Formal language is used by Finlay throughout the text to convey the information to the readers. The author uses more complex and jargon language such as “The golden adage “stick to your knitting’ become an epitaph”, “aggravating necessity”. It is not a guarantee that all the potential readers of the information presented by the author are highly educated and conversant with the sophisticated language use. To some readers, the jargons used may be complex and bare them from gaining knowledge and understanding of the information being communicated. The author has also used complex sentences throughout the text making it further complex to be understood by individuals without an advanced level of vocabulary. Making an assumption that the readers will have knowledge for any technical language is not a justification for the use of the complex and jargon language. The author needed to have considered the use of alternative words that can be understood by a wide range of audience and not just highly-learned individuals who are capable of understanding the technical terms used.

Chapter Content

In his writing on the influence and importance of stakeholders in strategic management, Finlay has only banked on the information presented by other scholars. His emphases are on the information presented by Campbell and Argenti in relation to the topic. The author has focused on analyzing the information presented by the two scholars on the influence of the stakeholders in strategic management and the role that different kinds of the stakeholders have in strategic management. The information presented is basically a comparison and a critique of the information presented by the two scholars. It is vital that Finlay identifies his stance in this topic. As Coulthard (2014) indicates, the current text is his own writing hence the readers needs to know his perception on the influence that the different kinds of stakeholders have on strategic management. Otherwise, the information provided is considered as directly borrowed from the writings of the other two scholars.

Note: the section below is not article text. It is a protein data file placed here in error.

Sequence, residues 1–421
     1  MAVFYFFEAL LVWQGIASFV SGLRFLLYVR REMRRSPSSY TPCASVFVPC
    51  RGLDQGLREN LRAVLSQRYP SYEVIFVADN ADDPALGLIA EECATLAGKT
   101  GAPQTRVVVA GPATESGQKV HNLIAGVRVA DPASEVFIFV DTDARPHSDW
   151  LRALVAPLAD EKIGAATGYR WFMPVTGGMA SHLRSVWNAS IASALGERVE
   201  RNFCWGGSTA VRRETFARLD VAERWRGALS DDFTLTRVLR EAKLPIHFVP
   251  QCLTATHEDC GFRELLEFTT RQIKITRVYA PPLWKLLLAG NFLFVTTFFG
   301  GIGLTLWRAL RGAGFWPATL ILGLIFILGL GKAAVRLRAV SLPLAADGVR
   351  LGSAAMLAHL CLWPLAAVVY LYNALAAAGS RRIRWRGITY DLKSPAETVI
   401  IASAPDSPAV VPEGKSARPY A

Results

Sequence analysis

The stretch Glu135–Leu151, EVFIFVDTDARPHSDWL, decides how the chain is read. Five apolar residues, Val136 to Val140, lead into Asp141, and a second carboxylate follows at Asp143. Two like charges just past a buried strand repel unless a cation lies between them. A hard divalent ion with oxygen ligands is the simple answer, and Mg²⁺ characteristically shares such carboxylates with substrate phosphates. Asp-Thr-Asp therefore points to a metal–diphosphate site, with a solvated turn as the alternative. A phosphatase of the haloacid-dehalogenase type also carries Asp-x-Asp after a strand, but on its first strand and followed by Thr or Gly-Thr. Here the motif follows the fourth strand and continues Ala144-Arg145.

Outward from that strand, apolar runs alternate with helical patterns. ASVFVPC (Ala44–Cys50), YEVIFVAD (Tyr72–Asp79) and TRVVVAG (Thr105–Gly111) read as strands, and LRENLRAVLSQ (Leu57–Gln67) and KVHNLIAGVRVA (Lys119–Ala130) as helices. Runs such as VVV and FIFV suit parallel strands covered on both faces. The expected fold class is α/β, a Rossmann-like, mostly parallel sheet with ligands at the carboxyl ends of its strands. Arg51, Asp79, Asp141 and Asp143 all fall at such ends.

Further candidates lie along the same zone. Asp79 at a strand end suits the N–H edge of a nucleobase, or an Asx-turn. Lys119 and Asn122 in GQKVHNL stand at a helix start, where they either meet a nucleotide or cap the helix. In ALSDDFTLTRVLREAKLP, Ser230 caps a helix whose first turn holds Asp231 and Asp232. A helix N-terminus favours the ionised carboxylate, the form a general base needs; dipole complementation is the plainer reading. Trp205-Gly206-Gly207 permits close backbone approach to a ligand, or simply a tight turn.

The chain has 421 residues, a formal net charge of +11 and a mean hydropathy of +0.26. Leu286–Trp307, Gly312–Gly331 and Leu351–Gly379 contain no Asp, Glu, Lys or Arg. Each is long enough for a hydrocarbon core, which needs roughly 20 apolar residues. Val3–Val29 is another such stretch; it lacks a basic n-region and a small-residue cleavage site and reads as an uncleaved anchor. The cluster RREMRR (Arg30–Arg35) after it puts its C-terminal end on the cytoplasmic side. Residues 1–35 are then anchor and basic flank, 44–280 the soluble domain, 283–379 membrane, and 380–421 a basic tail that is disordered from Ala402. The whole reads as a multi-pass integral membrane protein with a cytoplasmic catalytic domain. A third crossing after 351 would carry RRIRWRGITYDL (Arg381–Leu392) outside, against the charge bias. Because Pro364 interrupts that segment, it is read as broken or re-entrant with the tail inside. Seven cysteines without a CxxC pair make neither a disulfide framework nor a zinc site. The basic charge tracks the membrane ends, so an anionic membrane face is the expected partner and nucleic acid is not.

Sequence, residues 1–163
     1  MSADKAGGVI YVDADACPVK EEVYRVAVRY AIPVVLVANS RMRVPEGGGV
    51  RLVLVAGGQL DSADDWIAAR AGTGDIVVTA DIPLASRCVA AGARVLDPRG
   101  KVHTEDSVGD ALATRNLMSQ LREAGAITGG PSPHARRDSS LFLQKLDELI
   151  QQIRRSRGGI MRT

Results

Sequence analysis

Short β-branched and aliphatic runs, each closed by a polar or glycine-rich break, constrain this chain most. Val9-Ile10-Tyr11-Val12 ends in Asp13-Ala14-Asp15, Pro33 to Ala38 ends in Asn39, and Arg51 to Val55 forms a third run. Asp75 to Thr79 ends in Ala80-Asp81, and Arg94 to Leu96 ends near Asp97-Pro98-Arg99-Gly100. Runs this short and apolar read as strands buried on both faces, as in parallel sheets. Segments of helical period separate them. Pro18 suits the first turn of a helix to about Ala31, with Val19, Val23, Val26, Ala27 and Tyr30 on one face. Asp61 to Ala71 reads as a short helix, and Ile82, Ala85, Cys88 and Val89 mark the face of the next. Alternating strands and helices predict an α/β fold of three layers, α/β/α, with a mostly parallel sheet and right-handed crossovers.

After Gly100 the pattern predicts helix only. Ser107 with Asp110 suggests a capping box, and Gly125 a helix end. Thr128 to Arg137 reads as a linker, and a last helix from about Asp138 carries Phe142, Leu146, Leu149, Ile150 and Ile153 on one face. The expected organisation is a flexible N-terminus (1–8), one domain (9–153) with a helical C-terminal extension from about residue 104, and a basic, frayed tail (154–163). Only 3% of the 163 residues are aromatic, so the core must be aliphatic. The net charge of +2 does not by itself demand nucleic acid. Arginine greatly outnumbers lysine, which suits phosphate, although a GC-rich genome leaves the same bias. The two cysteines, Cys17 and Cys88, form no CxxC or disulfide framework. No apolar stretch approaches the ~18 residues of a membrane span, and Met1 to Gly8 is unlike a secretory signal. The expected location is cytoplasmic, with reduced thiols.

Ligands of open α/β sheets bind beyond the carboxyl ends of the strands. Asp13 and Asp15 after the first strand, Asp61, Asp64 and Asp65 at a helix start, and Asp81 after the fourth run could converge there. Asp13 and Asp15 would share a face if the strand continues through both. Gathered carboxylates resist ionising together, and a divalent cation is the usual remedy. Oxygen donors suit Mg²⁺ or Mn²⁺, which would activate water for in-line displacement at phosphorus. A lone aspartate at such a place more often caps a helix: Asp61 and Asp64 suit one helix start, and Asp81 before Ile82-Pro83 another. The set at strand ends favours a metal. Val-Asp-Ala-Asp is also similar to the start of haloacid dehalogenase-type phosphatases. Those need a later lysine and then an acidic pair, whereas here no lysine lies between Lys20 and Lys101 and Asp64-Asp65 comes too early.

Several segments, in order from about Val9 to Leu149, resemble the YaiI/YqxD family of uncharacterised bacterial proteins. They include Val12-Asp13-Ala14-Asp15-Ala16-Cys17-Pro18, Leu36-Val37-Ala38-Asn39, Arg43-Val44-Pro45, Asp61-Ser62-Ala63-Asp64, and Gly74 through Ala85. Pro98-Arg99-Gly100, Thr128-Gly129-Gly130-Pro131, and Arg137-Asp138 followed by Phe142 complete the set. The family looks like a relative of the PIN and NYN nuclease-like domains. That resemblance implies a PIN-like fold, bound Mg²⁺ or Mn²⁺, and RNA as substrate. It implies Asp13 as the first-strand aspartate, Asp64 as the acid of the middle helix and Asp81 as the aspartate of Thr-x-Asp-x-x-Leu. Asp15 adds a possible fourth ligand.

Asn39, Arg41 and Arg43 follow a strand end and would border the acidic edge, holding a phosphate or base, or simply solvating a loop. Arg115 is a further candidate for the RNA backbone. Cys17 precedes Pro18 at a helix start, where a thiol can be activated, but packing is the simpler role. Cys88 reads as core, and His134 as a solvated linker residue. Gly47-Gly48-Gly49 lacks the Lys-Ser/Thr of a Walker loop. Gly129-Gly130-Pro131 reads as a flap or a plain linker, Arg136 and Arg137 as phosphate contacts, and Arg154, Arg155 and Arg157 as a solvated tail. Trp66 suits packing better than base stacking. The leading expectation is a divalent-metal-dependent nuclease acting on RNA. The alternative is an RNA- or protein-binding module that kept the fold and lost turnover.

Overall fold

The introduction section in any chapter is important to guide the reader through the subsequent section. As Bloor & Bloor (2013) indicates, a proper introductory section will avail information on the contents of the chapter and the flow of the information to be presented. This chapter by Finlay (2000) has no introductory section as such the reader has no idea of whatever is to be communicated in the chapter. The author assumes that the reader will guess the possible content of the chapter after the provision of the chapter title. As much as the title is given as “strategic management” the author needs to have included the introduction section to guide the reader on the contents of the chapter and how they are to be presented since not all readers are conversant with the term strategic management.